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    Quote Originally Posted by SkinnyD View Post
    Guides run things. They sit on the BOG. They get appointed to commissionerships. The state takes quite a bit because the guides are cash cows, but they're still getting fat enough on a guide requirement that they don't notice the state taking its "share." Find some non-resident friends and mail checks to State of Alaska (amounting to several million dollars, mind you) and you'll be able to get a word in edge-wise when a political conversation starts up here.

    Further, if you happen to take up an opinion different from said group of guides, you'll find yourself ostracized and grouped with "antis" as our pal Mark has found. Even when it comes to shooting wolves out of helicopters, there's blood on the collective hands of the guiding industry. Residents can wait for the next cycle of less wolves and more moose but guides need more moose every year - thus there can't be a year with lots of wolves.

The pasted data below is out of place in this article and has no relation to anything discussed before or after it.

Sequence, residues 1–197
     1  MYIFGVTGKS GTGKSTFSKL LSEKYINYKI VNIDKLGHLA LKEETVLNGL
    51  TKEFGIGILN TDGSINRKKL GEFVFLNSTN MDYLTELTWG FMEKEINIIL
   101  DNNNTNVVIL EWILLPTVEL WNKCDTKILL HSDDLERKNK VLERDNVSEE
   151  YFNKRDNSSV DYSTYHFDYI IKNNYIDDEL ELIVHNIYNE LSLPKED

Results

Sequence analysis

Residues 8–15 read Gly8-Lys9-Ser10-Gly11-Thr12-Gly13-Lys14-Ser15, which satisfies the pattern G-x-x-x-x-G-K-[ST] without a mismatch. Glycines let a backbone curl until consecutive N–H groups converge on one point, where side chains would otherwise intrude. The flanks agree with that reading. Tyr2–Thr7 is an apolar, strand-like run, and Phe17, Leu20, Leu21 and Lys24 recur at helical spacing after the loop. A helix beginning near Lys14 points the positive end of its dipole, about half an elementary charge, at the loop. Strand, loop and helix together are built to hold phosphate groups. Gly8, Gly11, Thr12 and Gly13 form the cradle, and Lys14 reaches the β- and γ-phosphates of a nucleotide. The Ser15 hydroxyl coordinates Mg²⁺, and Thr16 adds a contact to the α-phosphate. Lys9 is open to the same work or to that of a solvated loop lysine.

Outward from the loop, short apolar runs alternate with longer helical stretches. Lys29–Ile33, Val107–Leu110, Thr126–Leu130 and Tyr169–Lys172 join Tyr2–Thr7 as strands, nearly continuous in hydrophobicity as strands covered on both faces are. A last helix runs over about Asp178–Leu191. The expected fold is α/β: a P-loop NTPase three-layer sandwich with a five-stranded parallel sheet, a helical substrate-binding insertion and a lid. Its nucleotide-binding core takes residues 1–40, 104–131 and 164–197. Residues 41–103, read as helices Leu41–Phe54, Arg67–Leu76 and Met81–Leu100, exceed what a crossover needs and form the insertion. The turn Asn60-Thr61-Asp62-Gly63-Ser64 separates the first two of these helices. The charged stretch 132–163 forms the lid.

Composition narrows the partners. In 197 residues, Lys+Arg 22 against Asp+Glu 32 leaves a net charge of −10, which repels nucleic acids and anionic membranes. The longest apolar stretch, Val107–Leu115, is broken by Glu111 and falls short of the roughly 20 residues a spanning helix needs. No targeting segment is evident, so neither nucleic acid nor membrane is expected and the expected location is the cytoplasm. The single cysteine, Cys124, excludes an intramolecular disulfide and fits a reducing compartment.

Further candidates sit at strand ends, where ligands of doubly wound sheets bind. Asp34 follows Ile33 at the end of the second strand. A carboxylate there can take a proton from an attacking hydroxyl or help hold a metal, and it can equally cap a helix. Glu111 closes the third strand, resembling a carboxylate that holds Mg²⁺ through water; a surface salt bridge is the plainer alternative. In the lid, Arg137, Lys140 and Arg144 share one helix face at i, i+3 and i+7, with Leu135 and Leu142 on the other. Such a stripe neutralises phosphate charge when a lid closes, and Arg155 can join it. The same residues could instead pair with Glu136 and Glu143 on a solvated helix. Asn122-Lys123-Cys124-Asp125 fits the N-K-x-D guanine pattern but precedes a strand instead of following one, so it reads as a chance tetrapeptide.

Further, don't even get someone started on king salmon guides....
    you do realize currently there is only one guide on the BOG, and he appears to be pretty resource minded, not to mention must excuse himself from conversation and excuse his vote when an issue that could impact him is brought forward.
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    Quote Originally Posted by Hunt&FishAK View Post
    public land huh? go back to your regs and BLM references and see where its public land....some places are but many arent....
    State land is the only sure thing for public access any longer, many of the fed lands are looking to cut down on hunters access.
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    Quote Originally Posted by Hayduke View Post